Author: Daniella Burgi-Palomino
Pope Francis’ visit to Mexico beginning, today, Friday, February 12th through Wednesday, February 17th is an opportunity to spotlight critical human rights issues that we have raised alongside supporters like you for some time. We have called for greater protections for human rights defenders and journalists who put their lives at risk for others every day, for migrants fleeing their homes for a better life who are increasingly met with more violence and persecution on the journey, and for better responses to the concerns of families of victims of enforced disappearances, torture, and extrajudicial executions.
We are confident that Pope Francis shares our concern for these issues, and from his position of moral authority, we hope he brings attention to the following areas of grave human rights concerns, and challenges the government and people of Mexico to work toward greater peace and justice for all.
These are some of our greatest human rights concerns where your voices and actions matter:
Justice for the Disappeared
The families of Mexico’s estimated 27,000 registered missing or disappeared persons continue to look for their loved ones largely on their own.
- Three family members and representatives of the group Familiares en Búsqueda María Herrera, that we accompanied last year shared the obstacles they face in getting the relevant governmental authorities to investigate their cases.
- Civil society organizations have expressed concerns with the pending new Disappearance Law, including implementation, design, and funding for search mechanisms.
Truth & Justice for the 43 Disappeared Ayotzinapa Students
Over a year and a half has passed in this case while the family members of 43 forcibly disappeared college students continue to suffer without knowing what happened to their loved ones, and while the Mexican government continues to discredit the families and the independent experts working on the case.
- LAWGEF and partners recently called for an end to the defamation campaign against the Interdisciplinary Group of Independent Experts (GIEI) that has been gaining traction in the Mexican media.
- Another set of independent experts, the Argentine Forensic Anthropology Team, refuted the government’s trash dump theory around the incineration of the students that the GIEI had already disproved, citing inconsistencies between physical evidence and oral testimonies.
- LAWGEF continues to stand by their preliminary recommendations from last year and call for reparations and attention to the families of the victims to be the center of the investigation moving forward.
Migrants’ Rights Violations
Mexican and Central American migrants continue to suffer rampant human rights violations, including extortion, kidnappings, sexual violence, and executions in their transit through Mexico.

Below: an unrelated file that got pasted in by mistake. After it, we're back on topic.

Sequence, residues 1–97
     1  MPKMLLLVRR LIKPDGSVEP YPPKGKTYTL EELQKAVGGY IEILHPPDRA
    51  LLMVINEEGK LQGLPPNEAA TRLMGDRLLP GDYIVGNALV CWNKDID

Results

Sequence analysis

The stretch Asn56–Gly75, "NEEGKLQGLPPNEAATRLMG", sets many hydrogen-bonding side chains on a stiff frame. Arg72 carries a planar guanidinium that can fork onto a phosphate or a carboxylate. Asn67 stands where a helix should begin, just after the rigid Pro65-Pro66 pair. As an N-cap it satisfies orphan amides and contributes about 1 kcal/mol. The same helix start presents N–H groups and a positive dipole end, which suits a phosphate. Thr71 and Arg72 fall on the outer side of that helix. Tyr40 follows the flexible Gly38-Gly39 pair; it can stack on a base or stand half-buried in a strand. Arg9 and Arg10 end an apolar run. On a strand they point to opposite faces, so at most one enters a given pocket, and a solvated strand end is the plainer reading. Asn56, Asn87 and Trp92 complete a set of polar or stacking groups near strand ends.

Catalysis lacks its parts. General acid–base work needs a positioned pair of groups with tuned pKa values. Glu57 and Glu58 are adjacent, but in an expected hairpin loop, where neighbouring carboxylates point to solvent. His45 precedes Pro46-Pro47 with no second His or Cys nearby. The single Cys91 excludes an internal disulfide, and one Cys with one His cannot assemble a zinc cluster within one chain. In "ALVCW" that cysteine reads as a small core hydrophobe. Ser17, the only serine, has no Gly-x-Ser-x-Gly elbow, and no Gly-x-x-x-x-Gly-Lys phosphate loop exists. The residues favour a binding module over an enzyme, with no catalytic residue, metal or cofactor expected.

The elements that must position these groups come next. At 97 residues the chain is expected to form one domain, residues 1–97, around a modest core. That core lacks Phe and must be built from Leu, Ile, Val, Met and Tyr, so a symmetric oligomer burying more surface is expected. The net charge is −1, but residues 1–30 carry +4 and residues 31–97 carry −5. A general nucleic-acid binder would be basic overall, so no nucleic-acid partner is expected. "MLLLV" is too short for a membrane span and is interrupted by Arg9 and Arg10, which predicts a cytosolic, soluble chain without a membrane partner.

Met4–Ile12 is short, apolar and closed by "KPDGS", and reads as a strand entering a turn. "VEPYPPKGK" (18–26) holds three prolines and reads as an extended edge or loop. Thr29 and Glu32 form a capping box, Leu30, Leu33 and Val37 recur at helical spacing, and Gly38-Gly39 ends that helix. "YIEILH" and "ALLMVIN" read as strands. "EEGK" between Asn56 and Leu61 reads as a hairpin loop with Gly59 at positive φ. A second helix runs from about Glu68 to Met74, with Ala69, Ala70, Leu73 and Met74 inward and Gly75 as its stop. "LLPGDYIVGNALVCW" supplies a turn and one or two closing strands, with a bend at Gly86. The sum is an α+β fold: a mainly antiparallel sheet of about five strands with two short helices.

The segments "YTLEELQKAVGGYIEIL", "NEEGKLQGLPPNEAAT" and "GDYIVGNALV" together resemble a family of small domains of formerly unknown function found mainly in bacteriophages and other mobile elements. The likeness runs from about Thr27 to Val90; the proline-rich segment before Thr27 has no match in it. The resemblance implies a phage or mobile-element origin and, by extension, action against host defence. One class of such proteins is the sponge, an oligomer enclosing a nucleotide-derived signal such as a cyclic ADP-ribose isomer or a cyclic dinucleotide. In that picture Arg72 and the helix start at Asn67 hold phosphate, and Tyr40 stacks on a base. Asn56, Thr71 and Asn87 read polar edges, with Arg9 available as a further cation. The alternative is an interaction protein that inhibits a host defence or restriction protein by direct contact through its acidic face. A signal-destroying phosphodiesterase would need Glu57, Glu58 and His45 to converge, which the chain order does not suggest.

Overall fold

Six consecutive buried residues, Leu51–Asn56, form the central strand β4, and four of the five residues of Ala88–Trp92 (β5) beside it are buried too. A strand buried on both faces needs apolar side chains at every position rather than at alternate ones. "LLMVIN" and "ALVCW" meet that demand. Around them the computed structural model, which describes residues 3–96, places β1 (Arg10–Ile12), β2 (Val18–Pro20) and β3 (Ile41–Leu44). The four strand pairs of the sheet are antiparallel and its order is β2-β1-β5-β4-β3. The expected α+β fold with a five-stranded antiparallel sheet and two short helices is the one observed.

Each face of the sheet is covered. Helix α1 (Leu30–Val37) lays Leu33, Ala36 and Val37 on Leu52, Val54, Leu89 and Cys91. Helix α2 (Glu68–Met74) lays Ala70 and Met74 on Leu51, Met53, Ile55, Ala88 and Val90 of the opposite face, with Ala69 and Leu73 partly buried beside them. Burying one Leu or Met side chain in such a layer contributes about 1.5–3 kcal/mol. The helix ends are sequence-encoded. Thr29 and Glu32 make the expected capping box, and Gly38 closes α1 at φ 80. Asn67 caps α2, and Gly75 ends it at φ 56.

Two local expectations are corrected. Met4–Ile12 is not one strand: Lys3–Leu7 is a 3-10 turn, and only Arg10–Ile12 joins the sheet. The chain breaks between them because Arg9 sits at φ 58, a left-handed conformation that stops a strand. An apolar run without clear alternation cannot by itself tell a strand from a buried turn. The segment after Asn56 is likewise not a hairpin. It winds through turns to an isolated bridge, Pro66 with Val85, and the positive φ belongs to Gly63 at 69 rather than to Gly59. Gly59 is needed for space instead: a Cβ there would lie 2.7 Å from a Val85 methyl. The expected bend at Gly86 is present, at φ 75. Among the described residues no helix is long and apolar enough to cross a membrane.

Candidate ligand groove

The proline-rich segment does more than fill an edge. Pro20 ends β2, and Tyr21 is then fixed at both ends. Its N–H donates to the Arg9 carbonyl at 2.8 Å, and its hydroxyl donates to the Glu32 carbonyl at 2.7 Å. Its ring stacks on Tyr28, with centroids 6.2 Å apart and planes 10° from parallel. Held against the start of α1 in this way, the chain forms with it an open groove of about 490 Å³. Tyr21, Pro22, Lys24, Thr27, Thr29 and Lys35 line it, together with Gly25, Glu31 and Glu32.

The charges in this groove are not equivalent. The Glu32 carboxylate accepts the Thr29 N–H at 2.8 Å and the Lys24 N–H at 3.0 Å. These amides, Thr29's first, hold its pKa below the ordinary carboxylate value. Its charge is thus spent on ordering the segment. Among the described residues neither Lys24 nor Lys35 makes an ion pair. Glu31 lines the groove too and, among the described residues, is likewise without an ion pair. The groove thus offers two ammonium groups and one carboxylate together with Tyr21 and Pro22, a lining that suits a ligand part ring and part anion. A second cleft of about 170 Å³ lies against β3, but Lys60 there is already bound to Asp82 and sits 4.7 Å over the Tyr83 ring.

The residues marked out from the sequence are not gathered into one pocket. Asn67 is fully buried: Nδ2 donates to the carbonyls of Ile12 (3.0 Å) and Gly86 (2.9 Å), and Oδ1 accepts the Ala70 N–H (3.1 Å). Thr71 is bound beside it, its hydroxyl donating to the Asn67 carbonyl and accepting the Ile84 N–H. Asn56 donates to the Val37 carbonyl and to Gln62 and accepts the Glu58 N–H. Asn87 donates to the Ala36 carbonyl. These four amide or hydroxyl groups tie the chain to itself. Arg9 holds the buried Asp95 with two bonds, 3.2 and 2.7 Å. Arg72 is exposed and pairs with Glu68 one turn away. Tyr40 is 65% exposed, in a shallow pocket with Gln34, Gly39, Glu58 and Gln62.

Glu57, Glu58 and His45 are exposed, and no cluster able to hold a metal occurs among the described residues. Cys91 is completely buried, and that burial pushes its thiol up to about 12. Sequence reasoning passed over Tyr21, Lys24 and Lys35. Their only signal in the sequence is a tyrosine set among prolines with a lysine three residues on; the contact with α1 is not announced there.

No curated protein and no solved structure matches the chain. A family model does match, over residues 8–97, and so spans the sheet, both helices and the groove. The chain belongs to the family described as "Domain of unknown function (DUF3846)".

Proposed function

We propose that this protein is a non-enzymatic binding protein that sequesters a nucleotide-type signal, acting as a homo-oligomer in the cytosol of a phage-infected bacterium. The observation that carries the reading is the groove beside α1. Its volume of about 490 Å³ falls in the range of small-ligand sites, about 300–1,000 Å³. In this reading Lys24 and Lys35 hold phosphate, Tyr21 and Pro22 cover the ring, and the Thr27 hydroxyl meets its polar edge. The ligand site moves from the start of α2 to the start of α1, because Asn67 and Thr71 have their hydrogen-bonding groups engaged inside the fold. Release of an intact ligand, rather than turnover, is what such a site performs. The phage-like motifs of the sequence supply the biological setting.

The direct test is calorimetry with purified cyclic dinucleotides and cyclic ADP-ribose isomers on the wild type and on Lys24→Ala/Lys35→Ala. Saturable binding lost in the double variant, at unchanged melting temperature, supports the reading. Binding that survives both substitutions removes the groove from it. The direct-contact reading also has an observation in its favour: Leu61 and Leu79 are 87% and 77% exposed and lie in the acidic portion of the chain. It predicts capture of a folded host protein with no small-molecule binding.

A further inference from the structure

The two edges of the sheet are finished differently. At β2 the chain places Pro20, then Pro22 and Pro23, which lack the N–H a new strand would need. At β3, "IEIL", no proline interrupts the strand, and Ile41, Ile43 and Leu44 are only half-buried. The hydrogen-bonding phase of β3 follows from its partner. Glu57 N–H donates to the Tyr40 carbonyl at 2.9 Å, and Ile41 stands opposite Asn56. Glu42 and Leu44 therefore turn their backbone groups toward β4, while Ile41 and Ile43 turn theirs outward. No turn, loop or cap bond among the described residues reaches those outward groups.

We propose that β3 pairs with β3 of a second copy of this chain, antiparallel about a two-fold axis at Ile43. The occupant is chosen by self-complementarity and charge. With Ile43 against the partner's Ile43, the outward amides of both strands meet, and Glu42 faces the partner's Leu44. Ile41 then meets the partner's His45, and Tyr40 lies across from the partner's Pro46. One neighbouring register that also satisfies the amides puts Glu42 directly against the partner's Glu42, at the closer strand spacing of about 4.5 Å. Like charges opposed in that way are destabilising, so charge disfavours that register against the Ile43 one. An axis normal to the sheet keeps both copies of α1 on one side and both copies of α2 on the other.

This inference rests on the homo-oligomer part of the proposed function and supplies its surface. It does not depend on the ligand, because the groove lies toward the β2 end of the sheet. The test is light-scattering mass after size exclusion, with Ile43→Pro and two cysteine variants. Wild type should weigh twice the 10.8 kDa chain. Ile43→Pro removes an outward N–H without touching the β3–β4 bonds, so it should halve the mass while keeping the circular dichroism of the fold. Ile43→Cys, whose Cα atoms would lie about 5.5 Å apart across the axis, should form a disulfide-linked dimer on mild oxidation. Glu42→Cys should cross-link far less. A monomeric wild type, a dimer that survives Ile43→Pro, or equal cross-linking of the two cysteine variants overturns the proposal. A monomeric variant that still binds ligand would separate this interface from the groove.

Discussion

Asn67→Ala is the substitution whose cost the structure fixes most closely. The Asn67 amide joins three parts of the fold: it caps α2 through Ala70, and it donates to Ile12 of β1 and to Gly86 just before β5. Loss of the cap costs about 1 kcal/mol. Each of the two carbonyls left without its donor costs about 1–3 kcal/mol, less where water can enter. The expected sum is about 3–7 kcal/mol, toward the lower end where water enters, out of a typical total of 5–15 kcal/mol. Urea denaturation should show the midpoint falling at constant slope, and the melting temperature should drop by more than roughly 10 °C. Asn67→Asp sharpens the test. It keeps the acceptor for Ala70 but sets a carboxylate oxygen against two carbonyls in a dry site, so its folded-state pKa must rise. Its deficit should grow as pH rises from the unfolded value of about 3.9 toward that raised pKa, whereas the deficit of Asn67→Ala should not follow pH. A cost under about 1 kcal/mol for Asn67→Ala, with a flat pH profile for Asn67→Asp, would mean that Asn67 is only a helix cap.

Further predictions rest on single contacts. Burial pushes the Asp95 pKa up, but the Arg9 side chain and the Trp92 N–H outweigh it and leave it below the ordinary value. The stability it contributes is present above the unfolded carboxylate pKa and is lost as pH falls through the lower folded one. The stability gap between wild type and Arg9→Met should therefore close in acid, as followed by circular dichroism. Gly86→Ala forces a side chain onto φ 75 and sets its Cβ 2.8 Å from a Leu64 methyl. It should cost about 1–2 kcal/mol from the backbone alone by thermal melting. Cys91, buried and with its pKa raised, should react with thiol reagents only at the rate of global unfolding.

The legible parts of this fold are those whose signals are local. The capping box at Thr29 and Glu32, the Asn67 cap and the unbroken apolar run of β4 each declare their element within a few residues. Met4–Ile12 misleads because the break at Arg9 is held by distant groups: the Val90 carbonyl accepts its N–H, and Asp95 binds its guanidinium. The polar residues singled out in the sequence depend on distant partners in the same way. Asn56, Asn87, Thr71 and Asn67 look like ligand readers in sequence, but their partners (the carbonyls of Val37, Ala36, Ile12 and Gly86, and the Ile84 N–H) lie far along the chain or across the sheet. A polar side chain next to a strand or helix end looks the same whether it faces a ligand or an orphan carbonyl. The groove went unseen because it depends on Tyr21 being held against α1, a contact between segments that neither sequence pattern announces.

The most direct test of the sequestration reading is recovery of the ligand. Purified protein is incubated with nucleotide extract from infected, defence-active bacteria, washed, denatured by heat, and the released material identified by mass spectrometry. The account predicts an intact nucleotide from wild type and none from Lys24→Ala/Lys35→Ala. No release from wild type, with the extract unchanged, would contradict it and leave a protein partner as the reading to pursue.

- Mexico’s increased migration enforcement has only made migrants more vulnerable to attacks and forced them to take new routes through the center of the country. See our new blog “More Migrants Are Coming, and They’re Arriving More Hurt”: Tales from Mexico City Migrant Shelters for more information.
- While we applaud the creation of the new Unit for the Investigation of Crimes for Migrants and the Mexican Mechanism for Foreign Support for Search and Investigation, its full implementation remains pending.
- Along the U.S.-Mexico border, we hope that Pope Francis might reiterate his words to the U.S. Congress in the context of Mexico: “On this continent, too, thousands of persons are led to travel north in search of a better life for themselves and for their loved ones, in search of greater opportunities. Is this not what we want for our own children? We must not be taken aback by their numbers, but rather view them as persons, seeing their faces and listening to their stories, trying to respond as best we can to their situation. To respond in a way which is always humane, just and fraternal.”
Protections for Brave Human Rights Defenders
Mexico is still one of the most dangerous countries for human rights defenders and journalists.
- The Inter-American Commission of Human Rights condemned the recent murder of journalist, Anabel Flores Salazar, the second reporter this year to suffer the fate that at least six did last year.
- In 2014, eight journalists were killed in the country for allegedly exercising their freedom of expression and in 2015 another six cases were documented.
- The Human Rights Defender Mechanism still leaves much to be desired, and widespread attacks against defenders continue across the country.
See our blog here for more: Pope Francis: One More International Observer for Human Rights in Mexico.
Millions of people in Mexico and around the globe will tune in to hear what Pope Francis has to say in Mexico this week. Let’s encourage him to speak truth to power during his visit!
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